“A playful, elegantly made little horror film, Mama teasingly sustains a game of hide-and-seek as it tantalizes the audience with fleeting apparitions of the title character while maintaining interest in two deeply disturbed little orphan girls,” writes Hollywood Reporter critic Todd McCarthy, who filed last night at 11:28 pm.
“Being sold primarily on the name of its godfather, Guillermo del Toro, this Canadian-Spanish co-production from Universal is refreshingly mindful of the less-is-more horror guidelines employed by 1940s master Val Lewton, not to mention Japanese ghost stories, but the PG-13 rating might prove too restrictive for the gory tastes of male core genre fans. Still, less bloodthirsty female teens could make up the difference at the box office, as the film provokes enough tension and gasps to keep susceptible viewers grabbing their armrests or the arms of those next to them.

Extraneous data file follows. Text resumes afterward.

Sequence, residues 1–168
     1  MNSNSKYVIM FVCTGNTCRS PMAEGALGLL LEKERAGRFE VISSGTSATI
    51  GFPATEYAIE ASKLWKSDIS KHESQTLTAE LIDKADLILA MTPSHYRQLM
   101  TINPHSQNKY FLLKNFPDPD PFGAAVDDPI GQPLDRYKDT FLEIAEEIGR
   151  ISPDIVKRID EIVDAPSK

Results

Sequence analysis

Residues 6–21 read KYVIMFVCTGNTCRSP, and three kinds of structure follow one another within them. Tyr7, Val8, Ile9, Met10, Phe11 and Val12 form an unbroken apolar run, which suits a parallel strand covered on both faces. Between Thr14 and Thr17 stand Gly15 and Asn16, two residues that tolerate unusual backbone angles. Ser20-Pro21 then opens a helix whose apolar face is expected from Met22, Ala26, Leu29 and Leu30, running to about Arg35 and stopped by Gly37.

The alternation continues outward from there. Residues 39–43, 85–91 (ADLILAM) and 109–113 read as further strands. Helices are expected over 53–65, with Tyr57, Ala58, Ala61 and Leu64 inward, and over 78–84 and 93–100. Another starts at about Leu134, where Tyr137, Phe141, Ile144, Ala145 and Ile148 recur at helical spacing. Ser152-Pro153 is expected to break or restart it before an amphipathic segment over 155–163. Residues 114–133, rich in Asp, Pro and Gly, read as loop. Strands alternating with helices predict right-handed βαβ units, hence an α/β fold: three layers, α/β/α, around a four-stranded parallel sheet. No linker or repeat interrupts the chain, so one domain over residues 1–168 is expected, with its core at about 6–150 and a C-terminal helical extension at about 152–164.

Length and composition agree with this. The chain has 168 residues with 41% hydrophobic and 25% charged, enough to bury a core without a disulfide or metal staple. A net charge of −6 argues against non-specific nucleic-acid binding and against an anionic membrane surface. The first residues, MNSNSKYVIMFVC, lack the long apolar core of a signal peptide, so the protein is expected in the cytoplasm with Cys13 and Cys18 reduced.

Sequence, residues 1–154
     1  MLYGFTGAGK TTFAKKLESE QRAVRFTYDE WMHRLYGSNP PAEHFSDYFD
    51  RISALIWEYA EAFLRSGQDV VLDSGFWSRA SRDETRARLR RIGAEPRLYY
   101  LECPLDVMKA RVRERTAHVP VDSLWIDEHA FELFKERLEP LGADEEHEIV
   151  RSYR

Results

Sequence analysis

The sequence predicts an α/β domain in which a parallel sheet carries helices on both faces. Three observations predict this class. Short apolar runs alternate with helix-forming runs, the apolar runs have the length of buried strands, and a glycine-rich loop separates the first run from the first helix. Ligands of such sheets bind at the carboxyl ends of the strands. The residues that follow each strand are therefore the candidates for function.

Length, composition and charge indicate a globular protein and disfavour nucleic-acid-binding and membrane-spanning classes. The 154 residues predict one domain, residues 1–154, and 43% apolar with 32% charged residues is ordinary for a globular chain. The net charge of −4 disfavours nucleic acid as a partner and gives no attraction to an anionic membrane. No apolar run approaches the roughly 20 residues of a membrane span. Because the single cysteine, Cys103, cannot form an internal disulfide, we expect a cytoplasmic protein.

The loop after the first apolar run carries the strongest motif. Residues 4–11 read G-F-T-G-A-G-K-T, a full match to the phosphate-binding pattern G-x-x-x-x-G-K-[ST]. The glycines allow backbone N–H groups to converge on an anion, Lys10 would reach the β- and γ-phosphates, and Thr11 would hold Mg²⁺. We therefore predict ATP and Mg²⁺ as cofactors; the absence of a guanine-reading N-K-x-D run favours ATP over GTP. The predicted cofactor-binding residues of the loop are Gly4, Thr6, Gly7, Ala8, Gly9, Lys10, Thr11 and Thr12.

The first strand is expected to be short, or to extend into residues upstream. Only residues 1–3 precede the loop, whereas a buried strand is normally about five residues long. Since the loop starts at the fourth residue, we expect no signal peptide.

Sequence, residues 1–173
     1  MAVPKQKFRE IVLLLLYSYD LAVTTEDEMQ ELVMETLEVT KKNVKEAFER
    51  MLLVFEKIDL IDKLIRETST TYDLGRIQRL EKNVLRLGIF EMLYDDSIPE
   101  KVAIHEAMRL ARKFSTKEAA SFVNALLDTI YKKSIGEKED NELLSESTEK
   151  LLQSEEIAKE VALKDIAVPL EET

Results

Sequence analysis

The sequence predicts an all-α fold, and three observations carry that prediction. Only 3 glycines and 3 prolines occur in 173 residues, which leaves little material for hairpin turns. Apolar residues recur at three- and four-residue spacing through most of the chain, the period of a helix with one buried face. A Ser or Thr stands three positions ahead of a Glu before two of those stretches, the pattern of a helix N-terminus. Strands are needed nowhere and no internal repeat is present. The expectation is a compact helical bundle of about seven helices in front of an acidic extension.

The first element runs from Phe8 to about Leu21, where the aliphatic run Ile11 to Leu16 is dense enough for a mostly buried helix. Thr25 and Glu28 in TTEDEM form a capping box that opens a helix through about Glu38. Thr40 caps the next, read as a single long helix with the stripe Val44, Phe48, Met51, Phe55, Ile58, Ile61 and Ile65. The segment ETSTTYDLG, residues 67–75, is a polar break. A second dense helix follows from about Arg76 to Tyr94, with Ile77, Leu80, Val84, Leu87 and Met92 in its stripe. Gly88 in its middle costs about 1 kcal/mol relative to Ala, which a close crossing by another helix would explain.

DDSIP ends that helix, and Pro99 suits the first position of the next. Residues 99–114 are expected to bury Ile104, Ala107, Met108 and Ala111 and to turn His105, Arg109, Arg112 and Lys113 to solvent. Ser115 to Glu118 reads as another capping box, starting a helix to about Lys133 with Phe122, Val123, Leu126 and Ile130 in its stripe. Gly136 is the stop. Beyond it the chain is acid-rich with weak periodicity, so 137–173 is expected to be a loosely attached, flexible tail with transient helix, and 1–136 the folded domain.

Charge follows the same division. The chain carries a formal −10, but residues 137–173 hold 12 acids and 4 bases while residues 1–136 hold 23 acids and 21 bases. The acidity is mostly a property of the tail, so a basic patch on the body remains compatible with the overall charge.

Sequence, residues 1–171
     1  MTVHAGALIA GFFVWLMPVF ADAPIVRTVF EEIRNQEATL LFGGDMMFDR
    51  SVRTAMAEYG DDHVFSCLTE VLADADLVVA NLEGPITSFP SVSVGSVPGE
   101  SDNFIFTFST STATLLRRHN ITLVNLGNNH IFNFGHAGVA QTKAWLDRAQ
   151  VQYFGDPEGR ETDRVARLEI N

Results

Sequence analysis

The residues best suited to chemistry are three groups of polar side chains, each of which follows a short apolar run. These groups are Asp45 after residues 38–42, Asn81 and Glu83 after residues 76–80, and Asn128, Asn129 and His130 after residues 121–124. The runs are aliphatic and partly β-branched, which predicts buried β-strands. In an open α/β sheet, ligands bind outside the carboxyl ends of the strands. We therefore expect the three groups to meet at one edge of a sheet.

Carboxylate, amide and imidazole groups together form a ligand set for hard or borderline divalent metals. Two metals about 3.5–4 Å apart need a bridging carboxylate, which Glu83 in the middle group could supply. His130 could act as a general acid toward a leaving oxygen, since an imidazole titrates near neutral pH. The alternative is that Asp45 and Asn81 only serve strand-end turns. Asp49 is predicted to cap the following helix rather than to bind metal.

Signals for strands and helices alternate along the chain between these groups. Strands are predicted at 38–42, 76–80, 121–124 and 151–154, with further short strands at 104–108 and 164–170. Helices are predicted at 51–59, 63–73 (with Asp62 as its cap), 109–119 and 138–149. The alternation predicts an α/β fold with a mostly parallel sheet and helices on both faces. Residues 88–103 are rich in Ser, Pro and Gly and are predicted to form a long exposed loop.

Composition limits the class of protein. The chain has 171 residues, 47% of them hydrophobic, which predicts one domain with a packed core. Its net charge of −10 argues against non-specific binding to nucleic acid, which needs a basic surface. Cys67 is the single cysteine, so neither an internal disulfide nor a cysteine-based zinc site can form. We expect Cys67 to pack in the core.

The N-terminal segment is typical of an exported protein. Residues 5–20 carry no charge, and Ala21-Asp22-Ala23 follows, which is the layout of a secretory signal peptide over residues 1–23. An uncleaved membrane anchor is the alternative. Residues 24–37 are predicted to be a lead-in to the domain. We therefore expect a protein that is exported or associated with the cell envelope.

“In essence, Mama represents a throwback and a modest delight for people who like a good scare but prefer not to be terrorized or grossed out. With fine special effects and a good sense of creating a mood and pacing the jolts, Andy Muschietti shows a reassuringly confident hand for a first-time director, pulling off some fine visual coups through smart camera placement and cutting, and not taking the whole thing so seriously that it becomes overwrought.”